Sunday, January 21, 2018

The Hebron Historical Society

Enjoy Hebron - It's Here To Stay

Anne Ives, Charter Member & Amazing Worker, Passes Away


Less than a day after Anne Ives passed away, this double rainbow appeared over Old Town Hall!

Click here for more about Anne Ives.

Leather Man

Historian Diana Ross McCain will recount several  highlights from her book It Happened in Connecticut: From Witchcraft Trials to the Invention of Modern Football, Twenty-Five Events That Shaped the Nutmeg State. She will discuss the witchcraft prosecutions and executions that occurred in Connecticut in the mid-1600s, three decades before the infamous Salem, Massachusetts, hysteria.  She will relate the story of the real-life serial poisonings in early twentieth-century Windsor that reportedly served as the inspiration for the black comedy Arsenic and Old Lace.  And she will explain how the slick salesmanship of peddlers who fanned out from Connecticut across the new nation in the 1800s earned their homeland the not-necessarily complimentary nickname of the Nutmeg State.

Diana McCain is Head of the Research Center at the Connecticut Historical Society in Hartford. She will be introduced by Elizabeth Abbe, Director of Public Outreach at the Connecticut Historical Society, who will speak briefly about the Society and its many offerings.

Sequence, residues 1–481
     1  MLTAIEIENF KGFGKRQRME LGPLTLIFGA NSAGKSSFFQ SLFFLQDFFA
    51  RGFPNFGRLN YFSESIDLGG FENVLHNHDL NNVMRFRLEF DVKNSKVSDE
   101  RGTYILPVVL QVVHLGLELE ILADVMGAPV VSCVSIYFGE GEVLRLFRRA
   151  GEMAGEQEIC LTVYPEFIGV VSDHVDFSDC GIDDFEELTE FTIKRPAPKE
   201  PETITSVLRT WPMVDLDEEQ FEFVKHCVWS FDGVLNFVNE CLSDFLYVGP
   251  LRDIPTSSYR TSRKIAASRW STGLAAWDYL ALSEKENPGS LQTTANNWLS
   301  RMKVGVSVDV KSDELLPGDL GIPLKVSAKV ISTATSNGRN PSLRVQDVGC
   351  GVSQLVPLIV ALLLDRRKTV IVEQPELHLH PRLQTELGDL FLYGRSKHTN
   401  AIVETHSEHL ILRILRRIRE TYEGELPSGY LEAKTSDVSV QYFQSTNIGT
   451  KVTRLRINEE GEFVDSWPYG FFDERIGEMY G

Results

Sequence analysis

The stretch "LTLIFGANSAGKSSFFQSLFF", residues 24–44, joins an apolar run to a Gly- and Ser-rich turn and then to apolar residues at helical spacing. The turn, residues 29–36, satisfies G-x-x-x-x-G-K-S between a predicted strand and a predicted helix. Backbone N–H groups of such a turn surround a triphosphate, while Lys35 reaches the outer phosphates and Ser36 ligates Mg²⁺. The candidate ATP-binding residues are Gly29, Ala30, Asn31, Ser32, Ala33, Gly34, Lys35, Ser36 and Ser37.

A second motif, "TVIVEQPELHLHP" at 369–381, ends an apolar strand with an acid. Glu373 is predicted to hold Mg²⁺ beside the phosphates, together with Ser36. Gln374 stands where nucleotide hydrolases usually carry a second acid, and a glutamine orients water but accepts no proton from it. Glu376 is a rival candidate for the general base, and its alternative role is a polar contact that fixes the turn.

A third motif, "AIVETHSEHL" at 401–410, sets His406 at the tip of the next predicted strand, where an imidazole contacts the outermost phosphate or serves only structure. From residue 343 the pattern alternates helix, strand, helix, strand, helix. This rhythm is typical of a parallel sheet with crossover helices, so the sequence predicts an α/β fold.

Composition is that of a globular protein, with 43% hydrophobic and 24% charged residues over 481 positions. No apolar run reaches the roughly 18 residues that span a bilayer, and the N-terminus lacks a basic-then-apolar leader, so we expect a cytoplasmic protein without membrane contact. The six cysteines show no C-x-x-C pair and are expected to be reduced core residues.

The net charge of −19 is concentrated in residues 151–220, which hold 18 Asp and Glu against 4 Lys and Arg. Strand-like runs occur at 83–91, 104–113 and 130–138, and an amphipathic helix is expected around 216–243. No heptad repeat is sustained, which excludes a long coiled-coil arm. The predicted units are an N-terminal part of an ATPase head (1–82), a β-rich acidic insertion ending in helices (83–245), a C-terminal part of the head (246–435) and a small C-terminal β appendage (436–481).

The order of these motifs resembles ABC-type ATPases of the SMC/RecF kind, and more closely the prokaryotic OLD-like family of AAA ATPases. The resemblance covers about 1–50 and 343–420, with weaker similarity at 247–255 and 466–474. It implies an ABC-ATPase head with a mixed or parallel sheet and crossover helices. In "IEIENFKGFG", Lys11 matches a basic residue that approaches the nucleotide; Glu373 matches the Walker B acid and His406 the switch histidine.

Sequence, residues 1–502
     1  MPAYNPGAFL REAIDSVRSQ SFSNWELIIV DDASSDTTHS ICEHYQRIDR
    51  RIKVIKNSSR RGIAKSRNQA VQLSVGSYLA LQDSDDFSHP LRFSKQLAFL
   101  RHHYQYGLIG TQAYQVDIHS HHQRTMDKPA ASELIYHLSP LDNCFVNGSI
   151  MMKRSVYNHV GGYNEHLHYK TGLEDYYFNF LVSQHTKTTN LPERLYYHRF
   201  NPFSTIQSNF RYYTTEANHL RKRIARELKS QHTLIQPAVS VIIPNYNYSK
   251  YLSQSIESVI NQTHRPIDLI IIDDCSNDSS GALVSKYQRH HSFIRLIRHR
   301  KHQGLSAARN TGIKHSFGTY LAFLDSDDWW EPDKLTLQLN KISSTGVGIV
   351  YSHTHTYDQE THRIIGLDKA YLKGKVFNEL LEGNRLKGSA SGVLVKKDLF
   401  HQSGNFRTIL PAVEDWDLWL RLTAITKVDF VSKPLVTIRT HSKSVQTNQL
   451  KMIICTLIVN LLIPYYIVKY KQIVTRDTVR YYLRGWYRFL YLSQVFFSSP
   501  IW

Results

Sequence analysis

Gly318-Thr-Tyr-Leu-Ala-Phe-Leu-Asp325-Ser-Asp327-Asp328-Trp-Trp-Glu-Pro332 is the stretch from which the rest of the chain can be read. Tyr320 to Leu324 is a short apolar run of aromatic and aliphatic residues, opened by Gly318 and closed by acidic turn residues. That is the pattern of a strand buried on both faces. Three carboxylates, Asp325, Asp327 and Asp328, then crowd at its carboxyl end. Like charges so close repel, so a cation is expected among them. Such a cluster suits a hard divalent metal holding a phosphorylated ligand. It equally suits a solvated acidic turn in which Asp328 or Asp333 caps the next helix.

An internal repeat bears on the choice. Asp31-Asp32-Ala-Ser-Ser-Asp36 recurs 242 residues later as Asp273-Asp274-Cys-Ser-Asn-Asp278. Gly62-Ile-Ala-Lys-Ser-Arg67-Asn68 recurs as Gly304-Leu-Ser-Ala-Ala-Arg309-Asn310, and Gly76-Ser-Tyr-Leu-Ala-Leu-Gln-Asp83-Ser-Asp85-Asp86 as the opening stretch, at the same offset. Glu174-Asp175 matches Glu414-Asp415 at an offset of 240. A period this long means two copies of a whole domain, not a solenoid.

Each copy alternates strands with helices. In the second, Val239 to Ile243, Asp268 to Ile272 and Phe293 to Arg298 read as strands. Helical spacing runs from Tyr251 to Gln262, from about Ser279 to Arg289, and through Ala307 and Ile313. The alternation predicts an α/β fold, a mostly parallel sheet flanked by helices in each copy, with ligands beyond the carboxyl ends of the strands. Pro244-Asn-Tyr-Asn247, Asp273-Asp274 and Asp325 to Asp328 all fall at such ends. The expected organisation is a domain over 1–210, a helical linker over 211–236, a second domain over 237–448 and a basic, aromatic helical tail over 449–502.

Following her talk, McCain will take questions from the audience, then autograph copies of It Happened in Connecticut, which will be available for purchase for $12.  Also on sale will be copies of McCain's two other books, Connecticut Coast: A Town-by-Town Illustrated History, for$29,and Mysteries and Legends of New England for $14.

Diana McCain holds a bachelor's degree in history from Allegheny College in Meadville, PA; a master's degree in library science from Southern Connecticut State University; and a master's degree in history from Wesleyan University.  She has been writing about history, in particular Connecticut history, for more than 25 years. Her work has been published in Connecticut magazine, Early American Life magazine, the Hartford Courant, and the Manchester Journal-Inquirer, and she has done freelance projects for more than a dozen non-profit and for-profit clients, including World Book, Inc., the Middlesex County Historical Society, the Prudence Crandall Museum, and the Wethersfield Historical Society. She lives in Durham.

Elizabeth Abbe began her career as the Library Director at the Connecticut Historical Society. From there she went on to work in continuing education at Albertus Magnus College, marketing at Travelers, and development at the Bushnell Center of Performing Arts and the University of Hartford. Two years ago Elizabeth returned to the Connecticut Historical Society as Director of Public Outreach. She lives in Glastonbury.

The Connecticut Historical Society is a privately supported, non-profit museum and library of Connecticut history whose mission is to inspire and foster a life-long interest in history.